The condition known as Cherry Eye is the prolapse of a gland in the third eyelid, giving the affected pet the very distinctive appearance of a small “cherry” at the corner of the pet’s eye. The gland is important for proper tear production which helps protect the eye from drying out and becoming infected, so it is important to preserve the gland by replacing it back into the third eyelid instead of removing it. Sometimes the prolapsed gland will resolve on its own or with help from medications. If it does not, the gland may be replaced surgically under general anesthesia. A cherry eye may happen in one eye, or both, and certain breeds are more prone to this condition than others.

After carefully protecting the eye with moistened gauze, Dr. Winkler uses the surgical laser to create a new pocket in the third eyelid. The great advantage of the laser here is cauterizing the tiny blood vessels in the third eyelid which usually bleed in such a procedure, allowing for much greater visualization of the area and a quicker, more efficient surgery. After replacing the gland, the pocket is then carefully closed to keep sutures from rubbing on the eye itself while allowing the gland to continue to release tears onto the eye.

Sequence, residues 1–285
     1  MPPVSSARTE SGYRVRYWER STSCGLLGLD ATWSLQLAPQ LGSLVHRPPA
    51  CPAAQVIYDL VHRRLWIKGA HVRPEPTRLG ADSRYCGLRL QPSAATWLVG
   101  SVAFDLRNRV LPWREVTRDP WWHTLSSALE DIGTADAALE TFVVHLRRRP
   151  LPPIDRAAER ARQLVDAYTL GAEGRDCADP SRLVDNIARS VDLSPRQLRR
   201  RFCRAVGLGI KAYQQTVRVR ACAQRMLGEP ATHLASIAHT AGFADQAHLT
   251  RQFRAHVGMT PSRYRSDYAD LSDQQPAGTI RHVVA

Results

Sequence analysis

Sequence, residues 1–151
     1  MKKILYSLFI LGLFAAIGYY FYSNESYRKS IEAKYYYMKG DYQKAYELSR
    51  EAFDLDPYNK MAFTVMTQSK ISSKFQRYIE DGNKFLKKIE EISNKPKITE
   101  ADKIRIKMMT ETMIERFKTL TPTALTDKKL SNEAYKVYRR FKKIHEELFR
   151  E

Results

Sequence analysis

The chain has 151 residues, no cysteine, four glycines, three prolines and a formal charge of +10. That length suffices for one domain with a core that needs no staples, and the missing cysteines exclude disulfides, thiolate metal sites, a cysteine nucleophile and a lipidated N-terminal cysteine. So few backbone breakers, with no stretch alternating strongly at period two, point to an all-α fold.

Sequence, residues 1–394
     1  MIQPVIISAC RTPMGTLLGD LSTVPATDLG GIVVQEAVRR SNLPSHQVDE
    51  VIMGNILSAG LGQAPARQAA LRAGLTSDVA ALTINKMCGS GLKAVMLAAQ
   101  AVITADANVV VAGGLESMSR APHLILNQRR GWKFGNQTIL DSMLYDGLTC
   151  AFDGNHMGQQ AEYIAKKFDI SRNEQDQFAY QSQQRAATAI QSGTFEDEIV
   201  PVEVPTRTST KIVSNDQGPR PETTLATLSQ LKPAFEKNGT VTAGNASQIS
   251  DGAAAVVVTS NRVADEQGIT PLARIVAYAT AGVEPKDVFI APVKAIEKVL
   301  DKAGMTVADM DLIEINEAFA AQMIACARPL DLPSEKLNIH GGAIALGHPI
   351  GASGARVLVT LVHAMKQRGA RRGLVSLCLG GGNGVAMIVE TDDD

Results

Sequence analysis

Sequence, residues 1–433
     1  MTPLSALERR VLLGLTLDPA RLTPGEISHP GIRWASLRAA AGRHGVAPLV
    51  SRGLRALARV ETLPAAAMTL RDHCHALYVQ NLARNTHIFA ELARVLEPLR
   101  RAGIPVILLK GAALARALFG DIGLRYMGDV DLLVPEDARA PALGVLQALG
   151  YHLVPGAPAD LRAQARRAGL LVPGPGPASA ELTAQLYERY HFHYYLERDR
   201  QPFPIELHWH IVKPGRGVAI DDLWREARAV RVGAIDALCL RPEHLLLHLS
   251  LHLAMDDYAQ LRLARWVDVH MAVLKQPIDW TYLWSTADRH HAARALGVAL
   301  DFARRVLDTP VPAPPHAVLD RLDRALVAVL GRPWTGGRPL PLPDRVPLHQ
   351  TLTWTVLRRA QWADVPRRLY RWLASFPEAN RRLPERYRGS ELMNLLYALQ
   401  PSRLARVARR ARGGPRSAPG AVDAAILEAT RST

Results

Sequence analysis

Following the procedure, your pet is discharged with an eye ointment and an Elizabethan collar to prevent interference with the sutures. The sutures are tiny and absorbed by the body, and so rarely need to be removed. Re-occurrence of the condition is rare but not unknown. A referral to a veterinary ophthalmologist is recommended for more serious conditions of the eye or gland, or if the prolapse happens again following the procedure.

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